It was 6 am on Friday, and I was praying the Morning Prayer via the Daily Office website. The website noted it was the commemoration day of "Martin of Erfurt."
Because it was 6 am, and because I'd not yet fed the caffeine monkey, it took me about a half a minute to process who "Martin of Erfurt" was: "Hmmm...I've heard of Martin of Tours...Erfurt...Germany...Holy Wah!* That's our Marty!"
I have to admit, that of all the "L" words that I can use to describe myself, sometimes "Lutheran" is the hardest to vocalize. Because Brother Martin makes people crazy. He makes me crazy half the time, the dumbass things he said about Jews, about women, about activist peasants...pretty much about anyone who disagreed with him. When he did say good things -- wonderful things, even -- about Christ, about grace, about the Sacraments, about the sacredness of everyday life -- I often find myself quoting him in an anonymous manner, out of embarrassment over the other things: "A famous theologian of the 16th century once said..."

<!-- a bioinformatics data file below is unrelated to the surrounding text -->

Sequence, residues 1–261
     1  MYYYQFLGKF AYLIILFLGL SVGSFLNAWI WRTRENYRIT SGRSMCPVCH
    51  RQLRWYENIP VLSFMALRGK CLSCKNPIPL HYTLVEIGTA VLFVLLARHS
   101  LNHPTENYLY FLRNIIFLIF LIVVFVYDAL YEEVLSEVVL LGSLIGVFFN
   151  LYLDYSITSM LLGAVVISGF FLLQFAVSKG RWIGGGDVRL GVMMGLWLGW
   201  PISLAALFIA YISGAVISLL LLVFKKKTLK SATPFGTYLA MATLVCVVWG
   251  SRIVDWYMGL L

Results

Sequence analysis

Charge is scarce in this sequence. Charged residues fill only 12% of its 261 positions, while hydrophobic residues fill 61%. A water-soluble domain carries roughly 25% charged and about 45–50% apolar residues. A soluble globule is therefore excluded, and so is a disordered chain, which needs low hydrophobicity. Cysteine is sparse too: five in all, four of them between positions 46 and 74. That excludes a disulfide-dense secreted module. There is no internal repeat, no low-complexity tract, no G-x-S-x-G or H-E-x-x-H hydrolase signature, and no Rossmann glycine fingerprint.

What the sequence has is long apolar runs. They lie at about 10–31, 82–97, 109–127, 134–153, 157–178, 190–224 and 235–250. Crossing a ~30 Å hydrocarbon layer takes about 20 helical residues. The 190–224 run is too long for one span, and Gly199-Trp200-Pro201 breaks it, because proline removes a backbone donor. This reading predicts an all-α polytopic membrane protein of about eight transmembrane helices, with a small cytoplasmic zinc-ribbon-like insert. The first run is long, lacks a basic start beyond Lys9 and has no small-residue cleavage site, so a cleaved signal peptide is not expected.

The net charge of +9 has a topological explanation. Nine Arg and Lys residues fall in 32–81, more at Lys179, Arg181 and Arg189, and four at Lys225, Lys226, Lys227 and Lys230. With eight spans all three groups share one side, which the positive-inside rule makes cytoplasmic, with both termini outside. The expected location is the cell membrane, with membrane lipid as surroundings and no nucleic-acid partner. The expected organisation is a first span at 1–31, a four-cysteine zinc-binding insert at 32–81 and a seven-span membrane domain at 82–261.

Yeah. Luther could be a jerk.
Then again, so can I. A real jerk. In thought, word and deed.
This weekend I was part of a training retreat for my synod's Lay Missionary Training Program (more about that later). For part of the weekend we studied the Genesis accounts of the patriarchs and matriarchs -- a lot of jerklike behavior among that lot: A guy who passes his wife off (literally) as his sister; the wife giving her maid to him to impregnate, then driving the maid and her child into the desert to die; a son who, taking right after the old man, passes off his wife as his sister, to save his skin; a grandson, egged on by a mother right out of "The Manchurian Candidate," who cheats his brother out of his birthright and his father's special blessing. When our facilitator, an OT prof, asked our group what some of the underlying themes were in these stories, one of my fellow students put it succinctly: "God can even use jerks."
That morning at our celebration of the Eucharist the pastor-in-residence referred to Luther as a "nuisance," and she pointed out that the Church often really needs nuisances to call it to account and keep it honest.
I don't want to be a jerk. But a nuisance...let me think about that for awhile.
In the meantime..."Almighty God, we praise you for the men and women you have sent to call the Church to its tasks and renew its life, such as your servant Martin. Raise up in our own day teachers and prophets inspired by your Spirit, whose voices will give strength to your Church and proclaim the reality of your reign; through Jesus Christ our Lord. Amen."
*LutheranChik gives a shout-out to any readers living north of the Mighty Mac...I just love listening to you folks talk.